Arctic Amplification?

Science Matters

Discussions of the Arctic often include references to “Polar Amplification,” defined thusly by climate scientists (wikipedia):

“Polar amplification refers to the observation that any change in the net radiation balance (for example greenhouse intensification) tends to produce a larger change in temperature near the poles than the planetary average.”

NSIDC adds in the notion of positive feedbacks and concern over “tipping points.”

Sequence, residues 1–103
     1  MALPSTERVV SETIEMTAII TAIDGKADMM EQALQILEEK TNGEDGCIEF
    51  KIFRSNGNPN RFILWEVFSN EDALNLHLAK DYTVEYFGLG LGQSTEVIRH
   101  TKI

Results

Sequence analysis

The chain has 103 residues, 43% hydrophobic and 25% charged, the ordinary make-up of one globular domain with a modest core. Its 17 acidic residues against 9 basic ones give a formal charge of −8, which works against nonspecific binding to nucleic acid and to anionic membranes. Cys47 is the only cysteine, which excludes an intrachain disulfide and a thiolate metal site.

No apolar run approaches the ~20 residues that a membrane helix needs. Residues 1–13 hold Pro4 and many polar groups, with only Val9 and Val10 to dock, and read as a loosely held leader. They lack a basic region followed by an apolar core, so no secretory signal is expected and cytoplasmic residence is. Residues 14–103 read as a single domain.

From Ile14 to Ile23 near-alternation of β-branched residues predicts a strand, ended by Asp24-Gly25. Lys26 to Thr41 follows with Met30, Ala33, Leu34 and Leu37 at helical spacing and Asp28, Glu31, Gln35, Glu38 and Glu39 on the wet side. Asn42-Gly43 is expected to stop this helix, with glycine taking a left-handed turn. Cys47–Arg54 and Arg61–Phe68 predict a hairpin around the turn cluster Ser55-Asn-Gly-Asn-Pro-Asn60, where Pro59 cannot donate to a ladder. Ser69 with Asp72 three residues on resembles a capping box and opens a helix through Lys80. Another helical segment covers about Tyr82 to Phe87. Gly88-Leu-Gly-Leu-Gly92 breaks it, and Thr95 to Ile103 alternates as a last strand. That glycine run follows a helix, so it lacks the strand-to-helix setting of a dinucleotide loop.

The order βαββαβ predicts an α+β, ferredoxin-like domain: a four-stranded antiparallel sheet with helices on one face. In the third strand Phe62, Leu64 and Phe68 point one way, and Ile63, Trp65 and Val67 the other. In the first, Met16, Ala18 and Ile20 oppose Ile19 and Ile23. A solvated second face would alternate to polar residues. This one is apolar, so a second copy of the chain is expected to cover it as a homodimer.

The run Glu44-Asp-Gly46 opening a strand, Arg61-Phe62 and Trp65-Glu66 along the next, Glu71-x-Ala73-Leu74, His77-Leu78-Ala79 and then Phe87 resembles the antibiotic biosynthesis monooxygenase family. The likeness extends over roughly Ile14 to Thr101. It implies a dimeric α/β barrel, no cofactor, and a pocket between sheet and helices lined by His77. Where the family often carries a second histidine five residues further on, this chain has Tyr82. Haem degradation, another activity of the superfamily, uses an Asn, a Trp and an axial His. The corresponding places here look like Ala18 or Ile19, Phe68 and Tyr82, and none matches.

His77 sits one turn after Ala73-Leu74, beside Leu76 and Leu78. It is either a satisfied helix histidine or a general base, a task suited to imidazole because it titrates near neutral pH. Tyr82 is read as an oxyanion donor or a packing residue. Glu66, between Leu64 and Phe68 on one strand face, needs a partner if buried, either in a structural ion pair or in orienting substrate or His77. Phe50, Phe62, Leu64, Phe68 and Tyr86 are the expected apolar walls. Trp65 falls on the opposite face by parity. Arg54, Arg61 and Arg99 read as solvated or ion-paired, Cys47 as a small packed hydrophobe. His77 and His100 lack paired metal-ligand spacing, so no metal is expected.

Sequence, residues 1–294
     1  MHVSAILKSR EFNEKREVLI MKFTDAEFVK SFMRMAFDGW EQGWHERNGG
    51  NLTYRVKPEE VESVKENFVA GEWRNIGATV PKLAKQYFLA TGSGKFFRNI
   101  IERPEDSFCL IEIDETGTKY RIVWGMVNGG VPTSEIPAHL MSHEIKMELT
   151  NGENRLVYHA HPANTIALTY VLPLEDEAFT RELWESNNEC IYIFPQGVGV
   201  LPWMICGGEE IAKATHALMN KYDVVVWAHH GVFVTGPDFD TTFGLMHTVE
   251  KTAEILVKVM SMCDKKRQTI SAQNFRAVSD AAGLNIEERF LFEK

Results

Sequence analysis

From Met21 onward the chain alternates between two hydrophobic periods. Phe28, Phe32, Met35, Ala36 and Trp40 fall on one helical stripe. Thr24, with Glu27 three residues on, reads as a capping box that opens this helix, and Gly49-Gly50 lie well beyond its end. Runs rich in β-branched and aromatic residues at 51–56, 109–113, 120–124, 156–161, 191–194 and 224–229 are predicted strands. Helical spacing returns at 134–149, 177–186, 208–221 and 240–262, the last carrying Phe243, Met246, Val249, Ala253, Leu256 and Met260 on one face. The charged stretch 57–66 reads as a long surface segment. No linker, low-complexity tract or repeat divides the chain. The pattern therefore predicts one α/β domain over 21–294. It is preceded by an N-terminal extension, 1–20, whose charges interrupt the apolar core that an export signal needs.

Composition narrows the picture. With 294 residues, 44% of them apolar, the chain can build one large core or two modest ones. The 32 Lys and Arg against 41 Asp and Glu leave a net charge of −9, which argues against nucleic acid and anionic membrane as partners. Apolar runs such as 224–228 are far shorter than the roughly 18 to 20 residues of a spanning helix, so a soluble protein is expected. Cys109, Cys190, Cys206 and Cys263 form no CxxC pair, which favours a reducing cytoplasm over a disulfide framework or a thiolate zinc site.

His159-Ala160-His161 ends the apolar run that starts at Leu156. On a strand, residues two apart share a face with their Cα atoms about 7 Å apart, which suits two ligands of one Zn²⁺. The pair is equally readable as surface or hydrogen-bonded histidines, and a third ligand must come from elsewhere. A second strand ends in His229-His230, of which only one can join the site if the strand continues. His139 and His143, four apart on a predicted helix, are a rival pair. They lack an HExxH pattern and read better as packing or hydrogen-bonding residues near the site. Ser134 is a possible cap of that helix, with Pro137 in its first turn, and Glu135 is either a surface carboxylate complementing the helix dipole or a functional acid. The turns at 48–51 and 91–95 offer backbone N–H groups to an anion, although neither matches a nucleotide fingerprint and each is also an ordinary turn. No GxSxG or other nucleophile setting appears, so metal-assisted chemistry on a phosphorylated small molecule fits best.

“Scientists have already seen evidence that positive feedbacks are occurring in the Arctic. They call this Arctic amplification. Predicting the Arctic climate is difficult. Some of the changes in the Arctic could also have negative feedback effects, or effects that reduce the amount of warming. For example, if warm temperatures make the Arctic growing season longer, more plants can survive and take up more carbon from the air. However, most evidence suggests that the positive feedback effects outweigh the negative effects. A recent report by NOAA concluded that…

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